This is an individual reflection exercise, involving a pen and paper kept by one’s bed, to be filled out in the mornings. Create a table with a row for each day, and columns for “Yesterday” and “When I Wake”.
Optionally, other columns, or a column for notes can be inter- esting; for example, because unusual sleep disturbance may be a good signal to keep track of, this may be worth leaving space for. In each of the main 2 columns, record every morning a number from 1-5:
In “Yesterday”: How energetically demanding was the prior day?
1. Very few energetic demands (not necessarily relaxed)
2. Fewer energetic demands than average
3. An average amount of ener- getic demands
4. A bearable amount of ener- getic demands, but not sustainable for a long time
5. An unbearable amount of energetic demands
In “When I Wake”, consider how ready you feel for the day ahead:
1. I feel very capable to under- take the challenges that I face today
2. I feel capable of undertake many of the things ahead
3. I feel an average amount of interest
4. I am somewhat dreading the day ahead, but it will be alright
5. Starting this day requires an impossible amount of effort
Feel free to rephrase these in ways that resonate more. Keep the diary for a few days or weeks. Then, go through and consider: are the numbers what you ex- pected? Where do the differences from your expectation arise?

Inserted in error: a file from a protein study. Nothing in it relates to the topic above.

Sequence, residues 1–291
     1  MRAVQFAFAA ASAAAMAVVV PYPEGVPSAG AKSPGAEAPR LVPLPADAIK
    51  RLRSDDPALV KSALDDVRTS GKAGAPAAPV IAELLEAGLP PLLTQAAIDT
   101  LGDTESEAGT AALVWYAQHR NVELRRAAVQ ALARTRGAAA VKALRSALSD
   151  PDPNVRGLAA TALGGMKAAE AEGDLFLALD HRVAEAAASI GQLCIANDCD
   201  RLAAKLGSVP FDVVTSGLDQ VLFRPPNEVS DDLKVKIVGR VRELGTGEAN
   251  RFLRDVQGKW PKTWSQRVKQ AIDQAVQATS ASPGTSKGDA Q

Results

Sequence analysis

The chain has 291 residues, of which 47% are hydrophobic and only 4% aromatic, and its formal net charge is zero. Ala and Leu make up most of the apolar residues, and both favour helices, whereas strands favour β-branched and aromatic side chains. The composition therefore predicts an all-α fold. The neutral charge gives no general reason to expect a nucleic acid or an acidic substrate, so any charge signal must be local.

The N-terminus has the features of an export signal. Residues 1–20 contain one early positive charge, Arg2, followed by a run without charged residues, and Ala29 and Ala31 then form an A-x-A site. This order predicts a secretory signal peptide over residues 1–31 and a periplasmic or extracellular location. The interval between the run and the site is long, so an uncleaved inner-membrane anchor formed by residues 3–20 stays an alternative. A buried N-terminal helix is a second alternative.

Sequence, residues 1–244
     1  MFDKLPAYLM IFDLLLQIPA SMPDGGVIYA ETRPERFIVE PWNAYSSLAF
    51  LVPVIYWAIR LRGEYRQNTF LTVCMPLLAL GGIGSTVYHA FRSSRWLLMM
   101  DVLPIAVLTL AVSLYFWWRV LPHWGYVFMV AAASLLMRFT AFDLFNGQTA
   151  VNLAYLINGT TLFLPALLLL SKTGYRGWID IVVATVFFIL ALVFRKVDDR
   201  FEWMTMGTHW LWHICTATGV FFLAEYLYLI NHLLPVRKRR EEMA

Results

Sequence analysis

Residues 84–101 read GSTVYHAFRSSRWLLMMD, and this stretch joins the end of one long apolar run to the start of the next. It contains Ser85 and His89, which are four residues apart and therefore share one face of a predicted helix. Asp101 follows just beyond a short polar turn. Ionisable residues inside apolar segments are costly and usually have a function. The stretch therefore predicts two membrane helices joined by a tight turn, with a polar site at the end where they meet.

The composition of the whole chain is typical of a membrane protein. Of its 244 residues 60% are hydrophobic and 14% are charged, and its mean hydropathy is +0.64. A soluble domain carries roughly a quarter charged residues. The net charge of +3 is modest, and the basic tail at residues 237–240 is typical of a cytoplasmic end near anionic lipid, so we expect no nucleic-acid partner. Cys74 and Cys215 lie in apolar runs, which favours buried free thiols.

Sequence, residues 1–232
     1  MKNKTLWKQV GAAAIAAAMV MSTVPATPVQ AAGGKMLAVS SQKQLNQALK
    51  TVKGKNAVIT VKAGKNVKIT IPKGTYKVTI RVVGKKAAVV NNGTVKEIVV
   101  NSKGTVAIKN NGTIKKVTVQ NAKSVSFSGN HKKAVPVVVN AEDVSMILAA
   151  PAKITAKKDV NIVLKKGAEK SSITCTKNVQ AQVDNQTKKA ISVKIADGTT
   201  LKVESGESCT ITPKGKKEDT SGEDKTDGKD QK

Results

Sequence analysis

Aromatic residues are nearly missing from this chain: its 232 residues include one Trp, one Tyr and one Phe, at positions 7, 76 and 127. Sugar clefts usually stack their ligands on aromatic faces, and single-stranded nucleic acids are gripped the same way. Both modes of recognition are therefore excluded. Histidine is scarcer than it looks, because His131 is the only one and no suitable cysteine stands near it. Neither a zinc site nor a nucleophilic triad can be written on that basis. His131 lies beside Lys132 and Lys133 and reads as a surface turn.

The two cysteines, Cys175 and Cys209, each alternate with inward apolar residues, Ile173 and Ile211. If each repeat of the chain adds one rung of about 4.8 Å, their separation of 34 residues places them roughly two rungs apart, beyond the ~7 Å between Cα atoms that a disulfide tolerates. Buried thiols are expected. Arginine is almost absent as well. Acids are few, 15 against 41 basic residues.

For each day, you can also calcu- late the level of recovery: “When I Wake” number minus the “Yesterday” number. Are these mostly positive (even when there are many demands, there is some recovery overnight) or negative or zero (limited access to recovery)?

7. Resonant Heartbeats

Take 1–3 minutes to make tick marks with a pen/pencil on a piece of paper every time your heart beats. After you’re done, take a moment to talk about what it felt like, and what came up. Try different settings and durations.
You can try this exercise in per- son, or over a video call. The pens and pencils against paper make a chorus. The chorus longs for a rhythm that is both inescapable and unattainable. As they make tick marks, people become drawn to the sounds of the others, or distracted by them. They try to either match or over- power what they hear outside the body with what is arising inside the body. When you observe your heartbeat, you can also change it; maybe not much, but certainly a little bit; maybe even a little bit more with practice. As the group is making tick-marks, tak-tak-tak, inevitably some people will start to draw their heart beats into a matching rhythm. Two people with pencils in chorus, but who have picked a different moment in the circulatory beat for tick-mark- making, are making a different song with their hearts.